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Trauma crosses generations through learned behaviors

By Mary Kreitz | January 19, 2022

Multigenerational trauma is trauma that is passed down from one generation to the next.  Often the people affected by multigenerational trauma aren’t even aware of it.  They might describe their lives as difficult, but because it doesn’t fit the typical profile of trauma, they wouldn’t use the word trauma to describe what they’ve experienced. One way that trauma can be transmitted across generations is through learned behaviors. Human beings are amazing for our ability to learn from experience and from the example of others.  For most people parents … Continued

How does one traumatic event affect a family for generations?

By Mary Kreitz | January 5, 2022

Trauma has occurred throughout human history.  Awful things have happened to people that overwhelm the ability to cope and have effects that last for a long time. Most of the time when we talk about trauma the focus is on individuals – how individual persons experience and are affected by traumatic events.  However, recent research has shed light on the ways that trauma’s impact can be much broader than that.  Whole families, communities, and groups of people in society can be affected by the same traumatic event.  The … Continued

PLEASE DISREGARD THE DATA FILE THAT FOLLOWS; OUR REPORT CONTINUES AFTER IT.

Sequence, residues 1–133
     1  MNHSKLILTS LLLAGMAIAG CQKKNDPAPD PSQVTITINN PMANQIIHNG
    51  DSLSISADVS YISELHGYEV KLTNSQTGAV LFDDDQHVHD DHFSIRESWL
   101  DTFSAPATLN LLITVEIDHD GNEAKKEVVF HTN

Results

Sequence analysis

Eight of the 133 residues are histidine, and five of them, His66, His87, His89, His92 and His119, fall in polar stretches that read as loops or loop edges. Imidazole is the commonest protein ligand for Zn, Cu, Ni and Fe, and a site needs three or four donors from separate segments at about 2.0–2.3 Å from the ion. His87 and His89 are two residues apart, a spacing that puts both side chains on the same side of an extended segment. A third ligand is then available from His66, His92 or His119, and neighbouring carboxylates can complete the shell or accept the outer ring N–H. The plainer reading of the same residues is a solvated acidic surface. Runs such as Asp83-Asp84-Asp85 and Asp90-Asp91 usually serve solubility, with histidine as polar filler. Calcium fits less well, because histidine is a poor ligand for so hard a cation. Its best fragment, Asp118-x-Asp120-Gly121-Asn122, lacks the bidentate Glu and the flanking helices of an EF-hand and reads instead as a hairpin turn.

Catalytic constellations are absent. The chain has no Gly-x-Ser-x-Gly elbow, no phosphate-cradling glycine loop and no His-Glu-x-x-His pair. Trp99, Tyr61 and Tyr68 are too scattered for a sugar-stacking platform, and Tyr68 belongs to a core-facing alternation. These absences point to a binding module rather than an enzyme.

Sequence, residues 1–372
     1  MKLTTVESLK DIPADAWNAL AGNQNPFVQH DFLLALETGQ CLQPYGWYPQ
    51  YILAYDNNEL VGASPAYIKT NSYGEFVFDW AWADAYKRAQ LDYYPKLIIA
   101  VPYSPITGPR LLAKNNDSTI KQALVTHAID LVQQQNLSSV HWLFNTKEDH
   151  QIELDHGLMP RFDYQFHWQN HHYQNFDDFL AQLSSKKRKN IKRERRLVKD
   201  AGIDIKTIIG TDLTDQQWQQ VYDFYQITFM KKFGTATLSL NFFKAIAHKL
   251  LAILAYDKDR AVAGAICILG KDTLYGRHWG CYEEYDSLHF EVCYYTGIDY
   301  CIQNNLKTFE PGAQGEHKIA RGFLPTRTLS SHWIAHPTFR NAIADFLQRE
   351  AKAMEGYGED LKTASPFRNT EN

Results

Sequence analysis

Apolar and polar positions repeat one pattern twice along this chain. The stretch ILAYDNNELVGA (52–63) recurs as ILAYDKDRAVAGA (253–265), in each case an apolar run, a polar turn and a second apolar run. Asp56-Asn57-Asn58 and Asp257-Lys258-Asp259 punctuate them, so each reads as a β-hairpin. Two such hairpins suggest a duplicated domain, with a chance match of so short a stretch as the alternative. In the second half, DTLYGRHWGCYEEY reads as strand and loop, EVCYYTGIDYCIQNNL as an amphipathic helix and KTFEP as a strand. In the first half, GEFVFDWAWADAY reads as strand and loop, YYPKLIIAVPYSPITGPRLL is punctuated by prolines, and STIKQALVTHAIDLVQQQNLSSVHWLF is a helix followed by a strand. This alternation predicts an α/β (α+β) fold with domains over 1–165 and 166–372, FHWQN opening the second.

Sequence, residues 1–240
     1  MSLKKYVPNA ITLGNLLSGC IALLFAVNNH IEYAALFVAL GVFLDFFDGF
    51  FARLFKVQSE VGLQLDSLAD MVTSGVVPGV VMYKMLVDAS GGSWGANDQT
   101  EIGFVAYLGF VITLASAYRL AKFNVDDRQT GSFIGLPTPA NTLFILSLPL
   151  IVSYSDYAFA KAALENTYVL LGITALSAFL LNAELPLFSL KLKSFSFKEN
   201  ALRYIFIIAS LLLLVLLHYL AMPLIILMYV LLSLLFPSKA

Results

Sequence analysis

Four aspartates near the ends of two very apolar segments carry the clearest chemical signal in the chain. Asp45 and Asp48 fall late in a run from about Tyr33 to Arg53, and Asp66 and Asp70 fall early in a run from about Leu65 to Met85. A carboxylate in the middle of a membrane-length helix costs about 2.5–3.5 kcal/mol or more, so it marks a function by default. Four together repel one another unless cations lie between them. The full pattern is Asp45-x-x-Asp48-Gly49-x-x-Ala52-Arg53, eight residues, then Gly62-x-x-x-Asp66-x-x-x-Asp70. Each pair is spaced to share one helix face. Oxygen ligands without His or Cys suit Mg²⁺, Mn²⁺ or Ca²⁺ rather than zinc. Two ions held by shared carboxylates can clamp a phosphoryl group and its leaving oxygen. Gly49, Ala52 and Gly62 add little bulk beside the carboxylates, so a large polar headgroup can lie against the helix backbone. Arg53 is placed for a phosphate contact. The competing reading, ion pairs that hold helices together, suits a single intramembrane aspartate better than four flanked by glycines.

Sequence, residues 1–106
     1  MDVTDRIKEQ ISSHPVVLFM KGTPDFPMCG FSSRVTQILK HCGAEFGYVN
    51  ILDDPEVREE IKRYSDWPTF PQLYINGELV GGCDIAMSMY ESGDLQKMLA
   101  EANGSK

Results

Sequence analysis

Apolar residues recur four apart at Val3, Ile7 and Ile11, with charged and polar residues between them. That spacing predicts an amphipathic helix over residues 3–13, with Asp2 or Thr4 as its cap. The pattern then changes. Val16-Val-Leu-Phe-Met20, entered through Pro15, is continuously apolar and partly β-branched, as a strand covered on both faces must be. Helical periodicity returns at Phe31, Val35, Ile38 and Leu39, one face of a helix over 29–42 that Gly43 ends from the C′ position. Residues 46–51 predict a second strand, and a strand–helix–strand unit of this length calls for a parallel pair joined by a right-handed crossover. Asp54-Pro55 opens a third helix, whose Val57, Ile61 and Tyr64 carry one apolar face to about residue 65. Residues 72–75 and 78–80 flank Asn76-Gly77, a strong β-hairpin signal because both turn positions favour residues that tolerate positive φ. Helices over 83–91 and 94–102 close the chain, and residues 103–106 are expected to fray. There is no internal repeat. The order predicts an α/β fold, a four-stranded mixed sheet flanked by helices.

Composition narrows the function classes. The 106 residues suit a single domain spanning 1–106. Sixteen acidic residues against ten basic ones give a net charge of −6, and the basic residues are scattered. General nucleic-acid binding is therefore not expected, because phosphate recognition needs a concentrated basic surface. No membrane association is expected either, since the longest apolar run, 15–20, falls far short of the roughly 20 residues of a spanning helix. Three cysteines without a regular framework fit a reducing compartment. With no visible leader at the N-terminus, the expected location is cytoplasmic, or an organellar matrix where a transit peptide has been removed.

A history of self-care

By Mary Kreitz | December 15, 2021

With so many stressful events happening in close succession over the past few years we have all heard reminders to make time for self-care.  Some of these come in a paternalistic tone, like a concerned parent reminding a child to brush her teeth.  Others come across more like a supportive friend who’s been there for you with a pint of ice cream after a breakup.  In modern life most of us take the concept of self-care for granted, as something we all know we should do even when … Continued

Is allowing your child to drink a small amount of alcohol on New Year’s Eve harmless or irresponsible parenting?

By Dr. Karita Nussbaum | December 1, 2021

As thoughts shift toward a fresh start in a new year, there is an energy in the air and hope in our hearts for new beginnings. Out with the old, in with the new! Let’s celebrate! Friends and families gather again to welcome in the New Year in a variety of ways. The question of whether to allow your child a sip of the bubbly might be yours to answer this season. For some, the answer is easy, others wrestle with it. Rather than take a side one … Continued

Suicide in Children

By Mary Kreitz | November 16, 2021

When we talk about suicide usually the discussion is about teens and young adults.  In fact, many people believe that younger children aren’t capable of intentionally ending their own lives because they assume that children don’t really understand what it means to be dead. Unfortunately, this type of thinking is not only incorrect, but also dangerous. The hard truth Pre-adolescent children can and do die by suicide. According to data from the National Center for Injury Prevention and Control, suicide is the eighth leading cause of death for … Continued

Is your adolescent behaving sexually appropriate?